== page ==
If your hiring is on pause there’s a silver lining. You now have a chance to optimize all the processes and practices you use to build your workforce, from your application to your reports to your candidate communication.
To learn how to make the best use of this time we called upon our customer Erin Braaten, the Vice President of Human Resources at Rise, Inc. To support the non-profit that provides disability services, an industry where turnover is high, Braaten typically hires up to 200 people a year. This spring her organization went from a workforce shortage and constant job postings and fairs to more applicants than there were jobs. Her team made a quick pivot to virtual interviewing for jobs that were open and caring for their existing staff. With less time needed for sourcing, Braaten’s team then turned their attention to preparing for the future.
Here are three big takeaways from that conversation:
Takeaway 1: If your hiring has slowed or come to a halt, take that time to do “quality of life” projects.
Like so many employers, Rise has drastically slowed their hiring. Her team is instead focusing on cleaning out their applicant tracking software and re-evaluating reports and workflows.
“Our goal is to be able to evaluate a lot of data before we start hiring again, so we can make smarter decisions on spending and recruiting strategies,” Braaten said.
Here are a few “quality of life” projects you and your team can tackle in the pause:
Takeaway 2: When states reopen, and hiring picks back up, prepare for a higher volume of candidates.
The job market has drastically changed in just the last 12 weeks. Organizations who are hiring are seeing a spike in candidate volume. If your hiring has slowed or halted, you’ll need to prepare for when you re-open job opportunities.
“I was in recruiting through the 2008 financial crisis, and the unemployment numbers are much higher this time around,” Braaten explained. “These numbers are going to be much higher. It was a candidate’s market earlier this year, but employers can now be more picky.”
Evaluate your screening questions and automation triggers inside of your ATS to ensure your organization is ready for the candidate boom. Look for opportunities to input automated communications with a personal touch. Evaluate adding chatbots into your recruiting strategy and expanding your candidate communication strategy to include text messaging. You can also use this technology to stay connected to your employees in the field.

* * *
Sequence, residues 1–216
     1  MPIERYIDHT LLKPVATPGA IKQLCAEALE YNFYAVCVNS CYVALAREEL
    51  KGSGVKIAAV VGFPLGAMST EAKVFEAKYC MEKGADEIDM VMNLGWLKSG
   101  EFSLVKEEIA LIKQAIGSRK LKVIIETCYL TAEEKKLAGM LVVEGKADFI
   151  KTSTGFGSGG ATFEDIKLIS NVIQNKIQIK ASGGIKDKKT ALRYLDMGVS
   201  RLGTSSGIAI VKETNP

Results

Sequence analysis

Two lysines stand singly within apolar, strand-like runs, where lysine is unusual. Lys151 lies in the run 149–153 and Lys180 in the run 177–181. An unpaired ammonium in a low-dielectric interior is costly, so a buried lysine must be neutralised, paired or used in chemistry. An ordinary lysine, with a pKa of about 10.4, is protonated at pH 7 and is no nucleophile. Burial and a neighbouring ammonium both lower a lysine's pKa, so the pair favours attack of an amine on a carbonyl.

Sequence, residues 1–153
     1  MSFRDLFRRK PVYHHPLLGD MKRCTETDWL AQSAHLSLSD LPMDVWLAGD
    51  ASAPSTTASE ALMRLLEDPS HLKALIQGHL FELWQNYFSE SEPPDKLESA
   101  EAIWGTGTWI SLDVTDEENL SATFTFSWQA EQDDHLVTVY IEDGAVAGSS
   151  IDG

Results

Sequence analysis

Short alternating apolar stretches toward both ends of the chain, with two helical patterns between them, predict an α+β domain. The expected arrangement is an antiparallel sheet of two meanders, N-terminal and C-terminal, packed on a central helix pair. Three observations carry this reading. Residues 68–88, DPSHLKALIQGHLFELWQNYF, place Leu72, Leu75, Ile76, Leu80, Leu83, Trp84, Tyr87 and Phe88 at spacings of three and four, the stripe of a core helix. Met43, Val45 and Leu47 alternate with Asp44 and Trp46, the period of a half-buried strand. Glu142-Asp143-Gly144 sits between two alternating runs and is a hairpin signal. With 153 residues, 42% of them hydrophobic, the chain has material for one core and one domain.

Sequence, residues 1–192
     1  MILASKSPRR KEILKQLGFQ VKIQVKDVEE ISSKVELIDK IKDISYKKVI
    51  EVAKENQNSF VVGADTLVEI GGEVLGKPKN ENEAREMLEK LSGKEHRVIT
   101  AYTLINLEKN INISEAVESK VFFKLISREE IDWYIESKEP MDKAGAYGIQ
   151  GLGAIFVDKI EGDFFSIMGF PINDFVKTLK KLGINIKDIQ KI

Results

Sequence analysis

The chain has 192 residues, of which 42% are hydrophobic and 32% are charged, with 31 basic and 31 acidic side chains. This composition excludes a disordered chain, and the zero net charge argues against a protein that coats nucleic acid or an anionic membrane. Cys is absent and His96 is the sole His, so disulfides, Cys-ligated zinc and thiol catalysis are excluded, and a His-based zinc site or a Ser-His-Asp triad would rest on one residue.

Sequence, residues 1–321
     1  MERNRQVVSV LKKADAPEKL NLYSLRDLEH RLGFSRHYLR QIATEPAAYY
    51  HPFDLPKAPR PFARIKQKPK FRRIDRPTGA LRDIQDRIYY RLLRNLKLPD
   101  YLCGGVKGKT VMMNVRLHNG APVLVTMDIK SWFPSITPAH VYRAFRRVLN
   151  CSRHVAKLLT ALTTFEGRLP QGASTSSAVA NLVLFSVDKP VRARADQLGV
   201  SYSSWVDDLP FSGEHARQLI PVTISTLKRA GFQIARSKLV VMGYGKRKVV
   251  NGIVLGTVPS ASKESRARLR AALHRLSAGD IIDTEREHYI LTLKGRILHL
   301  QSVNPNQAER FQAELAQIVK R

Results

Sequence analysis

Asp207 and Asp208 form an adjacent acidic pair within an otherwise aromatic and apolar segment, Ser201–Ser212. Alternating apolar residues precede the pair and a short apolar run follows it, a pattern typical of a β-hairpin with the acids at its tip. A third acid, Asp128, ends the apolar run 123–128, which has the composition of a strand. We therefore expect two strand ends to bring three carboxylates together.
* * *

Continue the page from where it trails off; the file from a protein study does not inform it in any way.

Takeaway 3: Keep focused on your employer brand and candidate experience.
Regardless of the number of candidates coming through your system, Braaten says it’s important to keep their experience in mind.
“Your employer brand is your reputation. Even if there’s 400 people applying, you want them to have a positive experience with your brand,” Braaten said.
Keeping in mind that many of your candidates may have gone through the traumatic experience of being laid off or furloughed is extremely important. Inject empathy and compassion into your communications to candidates, as well as your current employees. Click here to for an example of an employee newsletter that works.
Many iCIMS customers have shared some of the ways they are changing up their messaging. In the short-term, organizations are concentrated on ensuring their safety strategy is at the forefront of career pages and employment brand. Make sure to also highlight any great ways your organization has helped the community or initiatives they’ve had for their employees to highlight what makes their company a great place to work.
Learn more about making the most of downtimes and prepare for rehiring in the future. Download our guide to hiring in up and down times.